22 Strategic Management & Competitive Advantage – Barney & Hesterly 22 Product Differentiation Copyright © 2008 Pearson Prentice Hall. All rights reserved Organizing for Product Differentiation Example: Ford Taurus Cross-Functional Teams Organizational Structure U-Form with cross-functional teams Management Controls Compensation Policies flexibility broad guidelines creativity encouraged Reward: cross- functional cooperation creativity risk taking

23 Strategic Management & Competitive Advantage – Barney & Hesterly 23 Product Differentiation Copyright © 2008 Pearson Prentice Hall. All rights reserved Cost Leadership and Product Differentiation Can a firm pursue both simultaneously? NoYes use of structure, management control, and compensation policies are nearly opposites firms can do both because some bases of differentiation also lend themselves to low cost Example: Toyota Example: Rolex structure, controls, & policies are not opposites

24 Strategic Management & Competitive Advantage – Barney & Hesterly 24 Product Differentiation Copyright © 2008 Pearson Prentice Hall. All rights reserved Implementing Differentiation Internationally Global Multi-Domestic standardized product little variance in tastes & preferences centralized control focused on efficiency non-standard product high variance in tastes & preferences decentralized control focused on satisfying tastes & preferences Example: SonyExample: Siemens

25 Strategic Management & Competitive Advantage – Barney & Hesterly 25 Product Differentiation Copyright © 2008 Pearson Prentice Hall. All rights reserved Implementing Differentiation Internationally Business-level and International Expansion Strategies Generally, but not always… structure, control, & compensation policies are similar as follows: Cost leadership Product differentiation Global Multi-domestic (international integration, efficiency) (local responsiveness)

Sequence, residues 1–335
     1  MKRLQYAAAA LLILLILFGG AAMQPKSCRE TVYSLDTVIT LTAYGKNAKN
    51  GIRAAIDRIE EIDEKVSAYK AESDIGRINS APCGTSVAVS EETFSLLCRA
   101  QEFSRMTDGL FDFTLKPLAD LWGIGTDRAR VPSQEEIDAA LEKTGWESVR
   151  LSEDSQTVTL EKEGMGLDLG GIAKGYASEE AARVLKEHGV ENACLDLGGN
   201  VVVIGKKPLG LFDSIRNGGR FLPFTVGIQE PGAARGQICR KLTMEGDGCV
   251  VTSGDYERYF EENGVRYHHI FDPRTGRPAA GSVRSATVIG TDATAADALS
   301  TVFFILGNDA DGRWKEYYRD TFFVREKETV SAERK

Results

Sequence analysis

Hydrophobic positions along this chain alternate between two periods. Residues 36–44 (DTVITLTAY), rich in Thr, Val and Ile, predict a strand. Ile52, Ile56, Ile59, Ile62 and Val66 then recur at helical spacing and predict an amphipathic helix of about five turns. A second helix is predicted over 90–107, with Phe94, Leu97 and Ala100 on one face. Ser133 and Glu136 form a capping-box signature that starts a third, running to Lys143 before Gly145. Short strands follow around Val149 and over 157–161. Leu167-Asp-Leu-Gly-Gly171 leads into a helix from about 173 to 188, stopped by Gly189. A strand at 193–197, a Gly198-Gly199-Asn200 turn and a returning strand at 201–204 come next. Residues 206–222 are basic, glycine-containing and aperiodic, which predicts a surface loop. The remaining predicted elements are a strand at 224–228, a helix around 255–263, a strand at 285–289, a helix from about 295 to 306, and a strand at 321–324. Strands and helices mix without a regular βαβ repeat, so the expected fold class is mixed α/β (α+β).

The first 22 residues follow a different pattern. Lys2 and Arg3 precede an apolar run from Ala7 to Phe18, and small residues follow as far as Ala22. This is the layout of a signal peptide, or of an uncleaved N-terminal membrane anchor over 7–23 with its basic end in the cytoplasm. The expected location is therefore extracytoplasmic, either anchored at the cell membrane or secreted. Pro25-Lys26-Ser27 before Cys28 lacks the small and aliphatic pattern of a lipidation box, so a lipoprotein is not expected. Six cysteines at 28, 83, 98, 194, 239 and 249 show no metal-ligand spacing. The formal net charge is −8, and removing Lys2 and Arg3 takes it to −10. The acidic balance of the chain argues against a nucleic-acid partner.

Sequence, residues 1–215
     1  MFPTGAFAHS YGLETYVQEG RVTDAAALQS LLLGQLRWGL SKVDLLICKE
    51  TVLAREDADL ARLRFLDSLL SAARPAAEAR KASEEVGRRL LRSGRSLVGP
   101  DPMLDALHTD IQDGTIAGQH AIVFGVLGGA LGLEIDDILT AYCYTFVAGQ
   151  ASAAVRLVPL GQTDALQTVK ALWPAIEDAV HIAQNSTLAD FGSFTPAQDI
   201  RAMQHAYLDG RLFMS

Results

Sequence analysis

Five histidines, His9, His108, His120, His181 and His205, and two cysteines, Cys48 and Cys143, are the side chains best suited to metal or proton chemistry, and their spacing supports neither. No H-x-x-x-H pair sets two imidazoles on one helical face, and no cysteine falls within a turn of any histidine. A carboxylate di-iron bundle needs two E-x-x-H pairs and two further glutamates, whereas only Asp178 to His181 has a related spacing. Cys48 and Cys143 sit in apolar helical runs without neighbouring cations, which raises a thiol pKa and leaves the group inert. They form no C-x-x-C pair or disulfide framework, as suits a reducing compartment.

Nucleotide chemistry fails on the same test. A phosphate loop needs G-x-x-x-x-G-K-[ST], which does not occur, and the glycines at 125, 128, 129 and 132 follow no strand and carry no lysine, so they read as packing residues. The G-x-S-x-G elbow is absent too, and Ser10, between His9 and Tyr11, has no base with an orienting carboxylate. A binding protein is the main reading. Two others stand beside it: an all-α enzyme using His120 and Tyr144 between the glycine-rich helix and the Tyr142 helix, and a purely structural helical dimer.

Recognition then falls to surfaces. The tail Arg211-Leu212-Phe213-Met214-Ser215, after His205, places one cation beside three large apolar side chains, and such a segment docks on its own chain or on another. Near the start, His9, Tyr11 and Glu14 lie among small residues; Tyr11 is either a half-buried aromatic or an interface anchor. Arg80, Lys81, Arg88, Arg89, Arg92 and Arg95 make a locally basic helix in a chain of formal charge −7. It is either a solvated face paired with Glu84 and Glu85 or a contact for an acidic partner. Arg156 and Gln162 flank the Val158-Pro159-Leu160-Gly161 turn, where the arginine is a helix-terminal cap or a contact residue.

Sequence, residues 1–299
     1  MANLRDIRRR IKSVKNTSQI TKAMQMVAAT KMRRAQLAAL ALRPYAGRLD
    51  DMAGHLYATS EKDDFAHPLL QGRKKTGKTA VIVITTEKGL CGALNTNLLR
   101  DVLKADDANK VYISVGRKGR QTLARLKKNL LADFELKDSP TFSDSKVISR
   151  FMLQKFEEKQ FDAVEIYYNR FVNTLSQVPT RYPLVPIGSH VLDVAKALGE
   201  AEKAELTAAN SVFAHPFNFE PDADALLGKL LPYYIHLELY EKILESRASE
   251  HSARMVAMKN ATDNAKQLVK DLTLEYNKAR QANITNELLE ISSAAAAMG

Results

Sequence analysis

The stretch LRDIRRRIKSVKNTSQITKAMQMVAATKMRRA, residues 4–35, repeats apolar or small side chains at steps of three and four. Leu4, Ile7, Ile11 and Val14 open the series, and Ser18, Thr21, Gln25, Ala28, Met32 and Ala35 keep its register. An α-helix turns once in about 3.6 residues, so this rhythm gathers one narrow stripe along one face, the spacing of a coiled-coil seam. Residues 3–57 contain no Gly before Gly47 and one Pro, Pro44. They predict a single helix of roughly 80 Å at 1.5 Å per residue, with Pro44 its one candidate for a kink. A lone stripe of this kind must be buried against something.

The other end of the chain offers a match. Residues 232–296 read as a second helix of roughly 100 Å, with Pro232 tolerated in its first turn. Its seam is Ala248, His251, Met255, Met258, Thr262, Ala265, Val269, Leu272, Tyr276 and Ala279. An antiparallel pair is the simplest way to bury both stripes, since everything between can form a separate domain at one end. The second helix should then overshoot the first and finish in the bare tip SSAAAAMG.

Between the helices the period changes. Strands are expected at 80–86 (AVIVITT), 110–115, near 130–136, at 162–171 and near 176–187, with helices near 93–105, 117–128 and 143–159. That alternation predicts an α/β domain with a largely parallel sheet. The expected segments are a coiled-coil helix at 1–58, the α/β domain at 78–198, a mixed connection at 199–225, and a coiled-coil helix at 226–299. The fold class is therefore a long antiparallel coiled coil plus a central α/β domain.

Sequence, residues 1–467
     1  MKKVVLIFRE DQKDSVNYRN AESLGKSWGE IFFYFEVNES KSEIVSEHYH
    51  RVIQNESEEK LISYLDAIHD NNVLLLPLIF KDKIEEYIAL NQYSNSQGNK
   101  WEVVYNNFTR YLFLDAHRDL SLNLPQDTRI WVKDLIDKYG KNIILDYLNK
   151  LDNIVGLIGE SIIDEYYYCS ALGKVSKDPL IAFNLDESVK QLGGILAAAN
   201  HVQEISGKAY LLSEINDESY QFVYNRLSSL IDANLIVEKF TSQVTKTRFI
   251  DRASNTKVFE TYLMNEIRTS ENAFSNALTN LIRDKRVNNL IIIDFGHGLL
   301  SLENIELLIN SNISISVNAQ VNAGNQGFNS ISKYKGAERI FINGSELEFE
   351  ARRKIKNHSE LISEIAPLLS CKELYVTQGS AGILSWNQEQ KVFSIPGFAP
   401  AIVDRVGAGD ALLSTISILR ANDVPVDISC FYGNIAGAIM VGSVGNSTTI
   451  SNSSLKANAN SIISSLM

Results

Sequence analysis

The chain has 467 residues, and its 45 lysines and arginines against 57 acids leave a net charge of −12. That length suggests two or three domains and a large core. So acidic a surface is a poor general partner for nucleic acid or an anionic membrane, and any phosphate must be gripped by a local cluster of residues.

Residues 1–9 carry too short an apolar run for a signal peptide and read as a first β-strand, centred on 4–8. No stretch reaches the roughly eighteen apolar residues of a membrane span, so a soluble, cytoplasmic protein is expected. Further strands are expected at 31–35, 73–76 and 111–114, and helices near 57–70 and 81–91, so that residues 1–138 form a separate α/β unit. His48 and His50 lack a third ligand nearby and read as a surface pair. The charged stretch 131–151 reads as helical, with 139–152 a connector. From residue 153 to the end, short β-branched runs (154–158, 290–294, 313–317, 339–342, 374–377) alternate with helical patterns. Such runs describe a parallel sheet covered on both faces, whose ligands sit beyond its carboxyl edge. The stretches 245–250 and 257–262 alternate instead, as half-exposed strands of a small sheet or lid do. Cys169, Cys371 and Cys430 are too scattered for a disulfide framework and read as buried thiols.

26 Strategic Management & Competitive Advantage – Barney & Hesterly 26 Product Differentiation Copyright © 2008 Pearson Prentice Hall. All rights reserved Summary product differentiation creates customer preferences preferences allow firms to make above normal profits almost anything can be a base of differentiation bases of product differentiation that meet the VRIO criteria may generate competitive advantage a product differentiation strategy is only as good as its implementation Product differentiation principles can be applied to your personal and professional lives.

27 Strategic Management & Competitive Advantage – Barney & Hesterly 27 Product Differentiation Copyright © 2008 Pearson Prentice Hall. All rights reserved The Value of Product Differentiation Q ind P ff D ff MR ff ATC ind MC ff P ind D ind ATC ff Q ff Focal Firm with No Differentiated Product Focal Firm with Differentiated Product Above Normal Profits